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Newly identified mechanism helps explain why people of African descent are more vulnerable to TB

p>The research team found that when Toll-like receptors in humans are stimulated by specific molecules of the tubercle bacillus, vitamin D receptors and an enzyme called Cyp27B1, which converts the vitamin from an inactive form to an active form, are dramatically increased. The result of this dual activation is the cleavage of a preexistent protein to a small peptide called cathelicidin, which can kill TB bacilli in the test tube. One of the interesting aspects of this mechanism is that production of vitamin D in humans is dependent on exposure to UV light, generally sunlight, and may not have evolved in mice since they are nocturnal animals.

"These studies began with a very basic exploration of differences in gene expression in two related human white blood cell types known to be involved in host responses to infection, and concluded by revealing a new and potentially important human mechanism for killing intracellular pathogens," said Philip Liu, postdoctoral scholar in the Department of Immunology and Molecular Genetics at the David Geffen School of Medicine at UCLA and co-lead author of the paper.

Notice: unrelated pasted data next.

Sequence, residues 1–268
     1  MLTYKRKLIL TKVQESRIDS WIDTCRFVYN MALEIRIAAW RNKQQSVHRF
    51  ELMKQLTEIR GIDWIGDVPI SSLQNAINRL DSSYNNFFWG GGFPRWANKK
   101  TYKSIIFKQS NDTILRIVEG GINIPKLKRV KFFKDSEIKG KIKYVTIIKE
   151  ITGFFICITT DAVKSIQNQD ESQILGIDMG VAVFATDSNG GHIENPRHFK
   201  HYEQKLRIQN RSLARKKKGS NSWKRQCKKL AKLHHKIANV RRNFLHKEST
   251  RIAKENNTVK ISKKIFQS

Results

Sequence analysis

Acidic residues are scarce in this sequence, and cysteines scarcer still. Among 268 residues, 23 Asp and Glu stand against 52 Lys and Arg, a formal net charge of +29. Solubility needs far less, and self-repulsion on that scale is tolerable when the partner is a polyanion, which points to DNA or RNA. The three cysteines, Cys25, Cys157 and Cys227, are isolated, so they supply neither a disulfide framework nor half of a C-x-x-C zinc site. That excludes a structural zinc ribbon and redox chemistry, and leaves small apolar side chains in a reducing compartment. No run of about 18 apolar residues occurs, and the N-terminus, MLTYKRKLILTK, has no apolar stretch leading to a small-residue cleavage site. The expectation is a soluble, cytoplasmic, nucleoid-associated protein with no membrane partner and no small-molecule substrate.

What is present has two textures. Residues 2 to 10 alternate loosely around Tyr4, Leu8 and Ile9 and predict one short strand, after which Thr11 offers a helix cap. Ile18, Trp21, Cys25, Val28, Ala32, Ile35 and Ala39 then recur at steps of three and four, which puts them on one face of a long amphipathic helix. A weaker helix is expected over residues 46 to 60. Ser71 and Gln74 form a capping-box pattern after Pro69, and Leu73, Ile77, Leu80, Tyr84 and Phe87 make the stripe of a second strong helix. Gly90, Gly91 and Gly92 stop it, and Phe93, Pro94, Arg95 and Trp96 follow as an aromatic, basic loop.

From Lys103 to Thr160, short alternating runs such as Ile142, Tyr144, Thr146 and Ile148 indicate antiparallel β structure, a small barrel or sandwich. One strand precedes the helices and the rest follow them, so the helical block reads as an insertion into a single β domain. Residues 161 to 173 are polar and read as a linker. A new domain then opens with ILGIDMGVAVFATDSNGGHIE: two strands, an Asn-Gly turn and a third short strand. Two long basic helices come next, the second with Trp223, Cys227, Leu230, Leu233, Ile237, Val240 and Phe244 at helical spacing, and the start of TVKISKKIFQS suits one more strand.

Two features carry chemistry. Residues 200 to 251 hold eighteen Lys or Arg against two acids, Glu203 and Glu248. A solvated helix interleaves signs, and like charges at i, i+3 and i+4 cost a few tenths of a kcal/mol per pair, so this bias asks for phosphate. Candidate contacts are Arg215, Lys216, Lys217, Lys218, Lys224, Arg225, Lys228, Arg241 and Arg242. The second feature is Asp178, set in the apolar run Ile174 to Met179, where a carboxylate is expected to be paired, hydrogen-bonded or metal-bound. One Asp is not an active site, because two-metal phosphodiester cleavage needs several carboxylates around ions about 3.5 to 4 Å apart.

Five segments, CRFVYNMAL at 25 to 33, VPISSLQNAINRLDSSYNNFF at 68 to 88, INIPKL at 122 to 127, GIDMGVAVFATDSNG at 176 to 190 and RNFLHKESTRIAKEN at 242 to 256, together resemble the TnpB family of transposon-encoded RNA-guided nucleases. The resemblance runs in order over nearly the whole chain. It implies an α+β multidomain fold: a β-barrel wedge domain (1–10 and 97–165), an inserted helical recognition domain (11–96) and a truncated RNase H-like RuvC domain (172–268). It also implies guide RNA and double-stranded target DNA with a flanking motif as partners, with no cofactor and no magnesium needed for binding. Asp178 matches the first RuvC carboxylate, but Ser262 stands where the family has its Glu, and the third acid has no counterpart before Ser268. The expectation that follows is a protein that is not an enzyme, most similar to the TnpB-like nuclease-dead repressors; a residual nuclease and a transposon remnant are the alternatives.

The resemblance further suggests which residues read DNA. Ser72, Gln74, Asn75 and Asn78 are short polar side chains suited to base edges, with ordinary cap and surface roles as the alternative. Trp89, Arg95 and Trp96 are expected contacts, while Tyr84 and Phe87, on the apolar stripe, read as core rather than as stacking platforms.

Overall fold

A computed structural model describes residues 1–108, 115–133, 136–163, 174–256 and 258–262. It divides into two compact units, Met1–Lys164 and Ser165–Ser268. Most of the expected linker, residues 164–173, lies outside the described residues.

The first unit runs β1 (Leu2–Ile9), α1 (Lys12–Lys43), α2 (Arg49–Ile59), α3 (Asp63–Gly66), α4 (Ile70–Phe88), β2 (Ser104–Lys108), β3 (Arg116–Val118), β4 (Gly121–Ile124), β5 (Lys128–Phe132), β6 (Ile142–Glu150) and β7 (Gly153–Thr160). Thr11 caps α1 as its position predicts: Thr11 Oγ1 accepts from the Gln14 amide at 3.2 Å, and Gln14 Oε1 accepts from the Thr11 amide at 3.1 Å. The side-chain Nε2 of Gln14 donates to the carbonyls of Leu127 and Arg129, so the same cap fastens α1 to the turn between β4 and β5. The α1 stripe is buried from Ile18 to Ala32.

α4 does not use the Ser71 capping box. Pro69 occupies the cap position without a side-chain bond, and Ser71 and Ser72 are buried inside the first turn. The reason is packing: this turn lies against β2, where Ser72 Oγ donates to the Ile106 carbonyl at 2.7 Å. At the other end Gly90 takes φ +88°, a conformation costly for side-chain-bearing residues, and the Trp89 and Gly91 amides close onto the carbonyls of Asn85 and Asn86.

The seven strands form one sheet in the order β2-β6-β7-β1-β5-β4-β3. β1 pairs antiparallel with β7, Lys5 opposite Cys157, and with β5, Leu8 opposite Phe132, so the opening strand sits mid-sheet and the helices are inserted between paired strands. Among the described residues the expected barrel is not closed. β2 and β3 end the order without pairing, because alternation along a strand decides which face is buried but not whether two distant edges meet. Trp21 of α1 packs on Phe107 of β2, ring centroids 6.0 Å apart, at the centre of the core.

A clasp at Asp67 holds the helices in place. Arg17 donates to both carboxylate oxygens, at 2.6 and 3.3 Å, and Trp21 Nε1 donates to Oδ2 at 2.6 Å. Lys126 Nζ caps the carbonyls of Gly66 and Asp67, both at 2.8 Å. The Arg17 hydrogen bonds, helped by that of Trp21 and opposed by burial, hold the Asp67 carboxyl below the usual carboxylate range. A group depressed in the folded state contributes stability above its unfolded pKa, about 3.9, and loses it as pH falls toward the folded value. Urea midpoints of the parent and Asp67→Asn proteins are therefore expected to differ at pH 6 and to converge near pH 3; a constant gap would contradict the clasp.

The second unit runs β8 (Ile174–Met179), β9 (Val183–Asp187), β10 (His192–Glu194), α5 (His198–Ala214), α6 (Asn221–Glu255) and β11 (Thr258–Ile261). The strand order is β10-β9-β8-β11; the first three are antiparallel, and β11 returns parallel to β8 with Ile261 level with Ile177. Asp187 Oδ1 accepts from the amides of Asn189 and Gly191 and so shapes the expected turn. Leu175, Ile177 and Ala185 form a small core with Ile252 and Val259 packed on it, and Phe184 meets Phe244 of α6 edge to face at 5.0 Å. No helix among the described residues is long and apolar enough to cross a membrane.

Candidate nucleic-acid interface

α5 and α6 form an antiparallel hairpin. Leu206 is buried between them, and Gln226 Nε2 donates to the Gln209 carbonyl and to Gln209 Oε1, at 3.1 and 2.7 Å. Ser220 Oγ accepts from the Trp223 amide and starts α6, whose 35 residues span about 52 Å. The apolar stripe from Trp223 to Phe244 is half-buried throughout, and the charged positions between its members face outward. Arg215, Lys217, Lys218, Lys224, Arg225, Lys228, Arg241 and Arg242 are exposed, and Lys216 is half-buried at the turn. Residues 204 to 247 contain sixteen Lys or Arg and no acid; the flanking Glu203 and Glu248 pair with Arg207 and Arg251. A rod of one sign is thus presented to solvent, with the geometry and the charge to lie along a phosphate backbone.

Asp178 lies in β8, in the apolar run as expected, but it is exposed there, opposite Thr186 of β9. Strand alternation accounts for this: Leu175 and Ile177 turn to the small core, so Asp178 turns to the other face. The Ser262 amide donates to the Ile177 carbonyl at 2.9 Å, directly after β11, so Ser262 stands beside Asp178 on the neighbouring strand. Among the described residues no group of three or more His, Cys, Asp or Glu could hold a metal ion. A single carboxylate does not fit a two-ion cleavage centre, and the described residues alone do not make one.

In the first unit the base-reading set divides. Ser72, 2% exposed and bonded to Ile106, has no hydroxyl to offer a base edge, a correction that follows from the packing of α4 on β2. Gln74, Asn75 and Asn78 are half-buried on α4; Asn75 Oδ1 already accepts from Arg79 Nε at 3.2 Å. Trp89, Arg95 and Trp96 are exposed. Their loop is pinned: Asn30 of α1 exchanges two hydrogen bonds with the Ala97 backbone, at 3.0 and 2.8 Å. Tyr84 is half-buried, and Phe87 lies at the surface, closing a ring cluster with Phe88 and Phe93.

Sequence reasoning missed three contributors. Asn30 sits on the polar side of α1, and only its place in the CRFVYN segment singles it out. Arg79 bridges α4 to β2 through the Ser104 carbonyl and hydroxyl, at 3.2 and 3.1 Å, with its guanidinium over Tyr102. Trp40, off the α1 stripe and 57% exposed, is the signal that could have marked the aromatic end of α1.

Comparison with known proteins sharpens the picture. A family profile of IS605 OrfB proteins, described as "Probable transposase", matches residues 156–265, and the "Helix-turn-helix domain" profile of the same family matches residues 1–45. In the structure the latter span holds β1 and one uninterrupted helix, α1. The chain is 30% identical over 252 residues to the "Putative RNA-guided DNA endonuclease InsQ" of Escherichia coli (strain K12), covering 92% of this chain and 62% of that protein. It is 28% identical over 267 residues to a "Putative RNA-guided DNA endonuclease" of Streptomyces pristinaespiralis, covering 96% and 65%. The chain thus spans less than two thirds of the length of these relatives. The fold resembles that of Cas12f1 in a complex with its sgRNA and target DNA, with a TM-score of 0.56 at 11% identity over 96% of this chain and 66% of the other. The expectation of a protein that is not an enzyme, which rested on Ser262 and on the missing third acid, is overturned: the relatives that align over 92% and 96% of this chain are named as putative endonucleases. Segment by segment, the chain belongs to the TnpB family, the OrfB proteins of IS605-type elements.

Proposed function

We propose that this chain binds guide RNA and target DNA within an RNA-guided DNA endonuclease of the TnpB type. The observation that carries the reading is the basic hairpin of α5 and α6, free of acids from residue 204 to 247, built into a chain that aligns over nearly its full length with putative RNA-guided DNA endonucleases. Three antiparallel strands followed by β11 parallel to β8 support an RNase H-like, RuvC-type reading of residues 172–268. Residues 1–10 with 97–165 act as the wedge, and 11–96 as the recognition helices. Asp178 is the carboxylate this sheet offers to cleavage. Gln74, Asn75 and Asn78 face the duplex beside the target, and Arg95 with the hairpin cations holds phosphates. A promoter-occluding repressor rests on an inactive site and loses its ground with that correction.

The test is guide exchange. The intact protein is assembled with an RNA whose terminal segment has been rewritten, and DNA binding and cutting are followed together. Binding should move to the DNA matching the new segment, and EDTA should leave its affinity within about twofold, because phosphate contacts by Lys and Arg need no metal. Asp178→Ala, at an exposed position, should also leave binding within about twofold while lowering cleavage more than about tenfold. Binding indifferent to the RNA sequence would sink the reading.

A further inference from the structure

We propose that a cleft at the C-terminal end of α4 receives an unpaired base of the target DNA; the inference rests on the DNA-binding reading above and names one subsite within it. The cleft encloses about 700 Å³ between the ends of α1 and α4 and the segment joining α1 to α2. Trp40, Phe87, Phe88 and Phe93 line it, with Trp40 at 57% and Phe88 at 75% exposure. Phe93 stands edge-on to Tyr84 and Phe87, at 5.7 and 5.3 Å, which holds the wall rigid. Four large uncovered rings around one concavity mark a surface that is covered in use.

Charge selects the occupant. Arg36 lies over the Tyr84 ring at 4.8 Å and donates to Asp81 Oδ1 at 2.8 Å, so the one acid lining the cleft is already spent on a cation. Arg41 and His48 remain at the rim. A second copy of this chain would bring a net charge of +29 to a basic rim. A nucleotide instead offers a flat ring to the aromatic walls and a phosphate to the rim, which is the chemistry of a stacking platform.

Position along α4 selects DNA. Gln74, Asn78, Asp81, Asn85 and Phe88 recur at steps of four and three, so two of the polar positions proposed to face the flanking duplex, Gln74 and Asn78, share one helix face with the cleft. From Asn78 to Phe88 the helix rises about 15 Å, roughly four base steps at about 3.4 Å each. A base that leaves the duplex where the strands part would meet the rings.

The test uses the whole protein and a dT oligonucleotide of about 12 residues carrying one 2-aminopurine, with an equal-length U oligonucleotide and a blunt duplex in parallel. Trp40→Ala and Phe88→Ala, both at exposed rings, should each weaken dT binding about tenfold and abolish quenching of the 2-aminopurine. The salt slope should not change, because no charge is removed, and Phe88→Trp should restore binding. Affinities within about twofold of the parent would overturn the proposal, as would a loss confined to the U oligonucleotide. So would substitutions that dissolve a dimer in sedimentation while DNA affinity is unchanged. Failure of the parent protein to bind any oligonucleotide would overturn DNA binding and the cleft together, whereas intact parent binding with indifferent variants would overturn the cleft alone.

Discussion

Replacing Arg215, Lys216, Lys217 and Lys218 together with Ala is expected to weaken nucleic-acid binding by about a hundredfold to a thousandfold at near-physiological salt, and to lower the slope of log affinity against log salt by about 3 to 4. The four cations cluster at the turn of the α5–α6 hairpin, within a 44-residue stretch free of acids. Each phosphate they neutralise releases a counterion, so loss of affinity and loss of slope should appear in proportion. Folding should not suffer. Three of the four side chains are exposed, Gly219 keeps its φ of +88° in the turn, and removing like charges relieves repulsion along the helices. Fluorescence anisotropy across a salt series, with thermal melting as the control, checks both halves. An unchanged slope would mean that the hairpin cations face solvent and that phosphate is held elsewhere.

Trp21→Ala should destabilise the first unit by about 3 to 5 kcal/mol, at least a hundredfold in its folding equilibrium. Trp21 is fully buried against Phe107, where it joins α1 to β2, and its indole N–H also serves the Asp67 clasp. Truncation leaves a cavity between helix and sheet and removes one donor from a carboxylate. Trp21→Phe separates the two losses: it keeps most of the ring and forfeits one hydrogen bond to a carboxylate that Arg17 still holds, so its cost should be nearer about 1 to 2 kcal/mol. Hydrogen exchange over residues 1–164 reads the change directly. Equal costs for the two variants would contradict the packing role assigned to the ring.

African Americans have significantly lower levels of vitamin D in their blood serum than whites because higher levels of melanin -- the pigment that provides color to skin absorbs UV light and reduces African Americans' ability to produce vitamin D. When the macrophages were stimulated by molecules of the tubercle bacillus that trigger Toll-like receptors, the research team found that cells cultured in serum provided by African Americans produced 63 percent less of the microbe-killing cathelicin than when cultured in serum from whites. Supplementing the serum from African Americans with vitamin D precursor to a range found in serum samples from whites boosted the induction of cathelicidin.

Scientists have long known that African Americans have less vitamin D than whites and that they are more vulnerable to TB. This study helps to resolve two
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Source:Harvard School of Public Health


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